Hardening Yourself 

In the school yard, you can report bullies to the teachers and occasionally things don't go worse for you.

In the workplace, despite all of the laws and social commentary that says otherwise, it's almost impossible to report a bully and survive, particularly if you're a junior.

The answer is to harden yourself against the bullying and attempt to shine through. Note that hardening yourself means to refuse to allow the bullying to affect you, rather than to attempt to fight back. If you fight back in the workplace, you may spur the bully into further acts and if you come off as aggressive, you will be caught by management.

Harden yourself by trying to think positive. In particular, don't take all corrections as criticisms. Some people sound nasty in your own head when you read their emails - or even when you listened to them but they don't always mean to be that way. Some people simply have angry sounding voices or "angry-looking" faces.

You have to be mindful that much of what you get out of communication depends on what you bring to the conversation. 

Of course there are other people DO mean to be that way but there's not a lot you can do about them.

One of the best things to do is to try to only provide positive reactions. Remember, if you “lose it in a job”, you generally lose the job. Be nice and "presume" no matter how wrongly, that people mean the best. It will help you be happier and for the most part it will make people at work happier to interact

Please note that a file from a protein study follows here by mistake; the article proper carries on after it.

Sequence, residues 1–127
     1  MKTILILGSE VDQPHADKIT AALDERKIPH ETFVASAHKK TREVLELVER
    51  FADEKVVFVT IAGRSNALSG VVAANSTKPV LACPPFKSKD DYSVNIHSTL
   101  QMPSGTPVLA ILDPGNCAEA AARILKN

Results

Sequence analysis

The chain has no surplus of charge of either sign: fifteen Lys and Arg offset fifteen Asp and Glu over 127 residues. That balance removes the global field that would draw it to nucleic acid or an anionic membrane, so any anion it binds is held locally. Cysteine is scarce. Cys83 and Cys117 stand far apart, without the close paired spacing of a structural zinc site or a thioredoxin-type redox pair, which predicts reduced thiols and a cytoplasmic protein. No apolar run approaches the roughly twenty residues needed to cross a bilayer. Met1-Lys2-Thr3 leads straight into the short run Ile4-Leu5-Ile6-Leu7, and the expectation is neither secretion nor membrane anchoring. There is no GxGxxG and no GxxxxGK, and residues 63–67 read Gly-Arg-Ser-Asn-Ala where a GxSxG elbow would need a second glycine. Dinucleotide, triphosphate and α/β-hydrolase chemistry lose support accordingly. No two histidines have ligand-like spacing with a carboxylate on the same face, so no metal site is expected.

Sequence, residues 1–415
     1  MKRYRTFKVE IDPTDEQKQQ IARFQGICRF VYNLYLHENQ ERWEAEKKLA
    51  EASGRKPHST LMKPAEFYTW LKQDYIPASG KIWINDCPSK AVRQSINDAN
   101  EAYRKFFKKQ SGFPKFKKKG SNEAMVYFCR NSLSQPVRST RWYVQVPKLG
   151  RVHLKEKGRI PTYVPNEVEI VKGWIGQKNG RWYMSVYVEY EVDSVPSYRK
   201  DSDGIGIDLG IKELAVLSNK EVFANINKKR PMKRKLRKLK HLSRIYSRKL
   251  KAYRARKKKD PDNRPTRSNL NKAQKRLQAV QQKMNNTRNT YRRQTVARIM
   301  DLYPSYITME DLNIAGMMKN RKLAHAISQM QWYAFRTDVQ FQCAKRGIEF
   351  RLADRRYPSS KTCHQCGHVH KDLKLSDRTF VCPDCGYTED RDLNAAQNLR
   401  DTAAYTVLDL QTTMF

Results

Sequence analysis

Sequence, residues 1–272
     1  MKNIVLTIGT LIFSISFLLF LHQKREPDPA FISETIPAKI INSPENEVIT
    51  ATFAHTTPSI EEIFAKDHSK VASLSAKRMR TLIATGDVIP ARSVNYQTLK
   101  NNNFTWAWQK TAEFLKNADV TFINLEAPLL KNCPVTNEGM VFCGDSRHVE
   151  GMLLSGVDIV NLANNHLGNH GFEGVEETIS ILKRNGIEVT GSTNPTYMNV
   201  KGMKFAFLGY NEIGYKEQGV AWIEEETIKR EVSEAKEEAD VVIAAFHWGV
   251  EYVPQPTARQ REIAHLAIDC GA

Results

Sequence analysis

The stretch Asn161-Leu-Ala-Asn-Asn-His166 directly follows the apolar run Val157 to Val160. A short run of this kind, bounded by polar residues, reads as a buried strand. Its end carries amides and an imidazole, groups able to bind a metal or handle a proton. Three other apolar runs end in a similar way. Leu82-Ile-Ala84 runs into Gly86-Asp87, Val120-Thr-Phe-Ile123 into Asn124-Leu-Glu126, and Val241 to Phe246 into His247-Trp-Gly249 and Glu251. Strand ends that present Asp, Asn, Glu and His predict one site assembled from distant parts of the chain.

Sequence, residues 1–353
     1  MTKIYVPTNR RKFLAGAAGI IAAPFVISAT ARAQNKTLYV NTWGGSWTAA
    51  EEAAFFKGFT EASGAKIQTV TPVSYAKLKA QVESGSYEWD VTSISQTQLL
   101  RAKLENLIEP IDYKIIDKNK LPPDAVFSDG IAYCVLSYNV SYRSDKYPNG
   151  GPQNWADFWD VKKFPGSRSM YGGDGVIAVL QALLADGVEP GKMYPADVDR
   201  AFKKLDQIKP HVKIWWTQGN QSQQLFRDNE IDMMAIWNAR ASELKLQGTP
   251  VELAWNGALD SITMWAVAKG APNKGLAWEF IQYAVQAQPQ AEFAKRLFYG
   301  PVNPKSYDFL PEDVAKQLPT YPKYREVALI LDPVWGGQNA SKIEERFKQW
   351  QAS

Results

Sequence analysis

with you.

Being pleasant to work with will attract other pleasant colleagues and positive mentors. Eventually, these people will make it hard for workplace bullies to ruin your day. 

Find Happiness

You can't undervalue happiness. If you're sad or depressed at work, it will be noticed and your colleagues and supervisors will assume that you don't want to work there and get rid of you.

It sucks but it's true. No matter how much pain suffering and trauma you have in your life, the workplace is generally unforgiving. Your issues will be tolerated for a short period of time, depending upon your popularity, how long you have worked there and how valuable your contribution towards the workplace is.

You're not irreplaceable however and that means that you need to give the impression that you're happy -- even when you're not.

Practice fake smiling, avoiding overly emotional discussions and keeping "bounce" in your voice. 

You're going out into the world of “plastic people”. Sadly, this means that you have to appear to be a bit “plastic” like them in order to survive.